Emile Aben

Insights from RIPE Atlas Probe Disconnections

Emile Aben
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There are all kinds of reasons why RIPE Atlas probes might become disconnected. So, even though we'd like all probes to be connected all the time, disconnects can also tell us a useful story.

Internet connectivity is important. As part of RIPE Atlas, we have a signal that tells us if the RIPE Atlas probe is connected to our controlling infrastructure or not. The "winning" projects  ("Disco" and "Halo") from two of our RIPE NCC hackathons featured visualisations of probe disconnects. Now we also have a scientific result: bursts of probe disconnects can help us to find relevant and interesting events on the Internet.

Bursts of disconnects

But what if there are just a handful of probes in an area? In that case, we might not be able to detect bursts or to say anything definite about the full state of the Internet in a specific geographic area or in specific networks in that area. On the other hand, each individual RIPE Atlas probe tells a little story about Internet connectivity in that specific geographic location for a specific network.

One thing that has fascinated me since the inception of RIPE Atlas is how heterogeneous the set of RIPE Atlas probes is. The same is true for the Internet. Internet connectivity is vastly different in different parts of the world. Even in places that are geographically very close, Internet connectivity can be radically different; for instance, if you compare Internet connectivity for a probe at home to a probe in a data centre.

So, the insight we can gain from connected or disconnected probes depends on the density and diversity of the probes we have in a given area.

There is a grey area between having a single probe, which just tells the story of that single instance of Internet connectivity, and having a representative probe deployment for advanced things like detecting bursts of disconnects.

Natural disasters and RIPE Atlas

In case of natural disasters, I have this urge to look into what RIPE Atlas can tell us about the state of the Internet in the affected area.

Let's take the case of hurricane Irma as an example. We have 9 probes in the Miami area that were active around the time the hurricane was active. This is too little to provide a comprehensive overview of Internet connectivity in Miami during this natural disaster, but there are still a few interesting stories to tell.

The picture below represents the connection status of the RIPE Atlas probes within a 50 km radius of the Miami city centre.

The horizontal axis shows time, while the vertical axis shows each individual probe. When a probe is 'online' it is shown as a horizontal line, which stops at the moment a probe is disconnected. We've coloured the lines for probes that are behind IPv4 Network Address Translation (NAT) orange, while the others were coloured blue. For the set of probes we're looking at here, we verified that all those behind NATs were located at homes, while those not behind NATs were located in datacentres (this being the typical case).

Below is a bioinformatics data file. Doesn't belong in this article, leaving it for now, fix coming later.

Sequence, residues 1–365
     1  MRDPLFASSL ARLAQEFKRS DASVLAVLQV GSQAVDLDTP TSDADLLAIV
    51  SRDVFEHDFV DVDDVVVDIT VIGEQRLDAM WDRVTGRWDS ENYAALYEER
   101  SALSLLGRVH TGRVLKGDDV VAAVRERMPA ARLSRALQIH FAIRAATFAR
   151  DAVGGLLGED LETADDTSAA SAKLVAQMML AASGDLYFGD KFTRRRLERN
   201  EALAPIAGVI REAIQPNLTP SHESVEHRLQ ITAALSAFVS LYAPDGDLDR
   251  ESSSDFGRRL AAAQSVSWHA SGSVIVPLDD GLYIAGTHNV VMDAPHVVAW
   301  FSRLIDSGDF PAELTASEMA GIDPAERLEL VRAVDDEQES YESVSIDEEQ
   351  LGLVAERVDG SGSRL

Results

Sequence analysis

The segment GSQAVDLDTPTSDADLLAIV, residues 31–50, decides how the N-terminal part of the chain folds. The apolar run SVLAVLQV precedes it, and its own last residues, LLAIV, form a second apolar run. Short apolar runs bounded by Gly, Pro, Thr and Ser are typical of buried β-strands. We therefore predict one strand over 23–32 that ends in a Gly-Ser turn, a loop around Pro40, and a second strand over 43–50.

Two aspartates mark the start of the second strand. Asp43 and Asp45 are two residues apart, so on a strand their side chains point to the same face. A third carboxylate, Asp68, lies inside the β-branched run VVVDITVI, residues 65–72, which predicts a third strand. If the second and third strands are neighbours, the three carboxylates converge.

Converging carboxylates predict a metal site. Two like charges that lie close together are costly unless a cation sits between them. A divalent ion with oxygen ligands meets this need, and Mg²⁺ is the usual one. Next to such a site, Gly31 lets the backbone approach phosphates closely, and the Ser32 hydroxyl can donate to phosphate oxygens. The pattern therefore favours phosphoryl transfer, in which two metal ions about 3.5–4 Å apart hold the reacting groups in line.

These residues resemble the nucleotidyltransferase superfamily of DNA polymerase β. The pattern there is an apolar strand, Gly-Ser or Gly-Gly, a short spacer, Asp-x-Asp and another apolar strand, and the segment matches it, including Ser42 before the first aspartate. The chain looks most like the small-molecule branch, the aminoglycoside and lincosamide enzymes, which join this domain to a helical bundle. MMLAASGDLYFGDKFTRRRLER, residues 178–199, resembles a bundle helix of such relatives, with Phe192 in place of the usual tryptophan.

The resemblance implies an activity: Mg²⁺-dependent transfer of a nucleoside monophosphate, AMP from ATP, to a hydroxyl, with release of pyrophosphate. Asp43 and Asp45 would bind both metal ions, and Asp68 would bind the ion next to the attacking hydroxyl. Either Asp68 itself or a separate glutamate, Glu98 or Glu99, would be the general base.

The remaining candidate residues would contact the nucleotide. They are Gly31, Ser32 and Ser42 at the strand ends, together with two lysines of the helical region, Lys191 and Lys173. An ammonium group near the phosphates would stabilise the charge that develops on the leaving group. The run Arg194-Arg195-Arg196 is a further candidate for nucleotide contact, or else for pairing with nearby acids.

The first thing to note is that individual probes go online and offline all the time. During the hurricane we saw two probes actually coming back online. We can speculate that something like a brief power cut may have caused probes to reinitialise. It is interesting that datacentre connectivity (blue lines) was not interrupted during this natural disaster, while residential connectivity (orange lines) was heavily affected. The later is hardly surprising since over 92% of households in Miami-Dade county were without electrical power during and after Irma caused disruptions and damage to the Florida peninsula. The fact that datacentre connectivity was hardly interrupted will probably not surprise network operators; datacentres typically have backup power (typically diesel-powered) and there was ample time to prepare.

Do it yourself

We've prototyped how you can create plots like this, and the preliminary code for this is available here:


The image above was created with this command line:

./doit-probe-connects.py -l"Miami,FL,US" -s 2017-09-07 -e 2017-09-21 -o asn --color-by tag:system-ipv4-rfc1918 --annotate irma-annon.json

We hope this tooling is useful to others who quickly want to assess whether RIPE Atlas probes can tell something about the state of the Internet in a particular geographic area.

The RIPE Atlas probe map will soon get a revamp, so some of the ideas that go into this quick prototyping of RIPE Atlas probe connectivity plotting could end up in the probe map revamp. So if people have ideas or suggestions, please let us know now by leaving a comment below.


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About the author

Emile Aben Based in Amsterdam, NL

I'm a system architect/research coordinator at the RIPE NCC, where I work in the science group. I'm a chemist by training, but have been working since 1998 on Internet related things, as a sysadmin, security consultant, web developer and researcher. I am interested in technology changes (like IPv6 deployment), Internet measurement, data analysis, data visualisation, sustainability and security. I'd like to bring research and operations closer together, ie. do research that is operationally relevant. When I'm not working I like to make music (electric guitar, bass and drums), do sports (swimming, (inline) skating, bouldering, soccer), and try to be a good parent.

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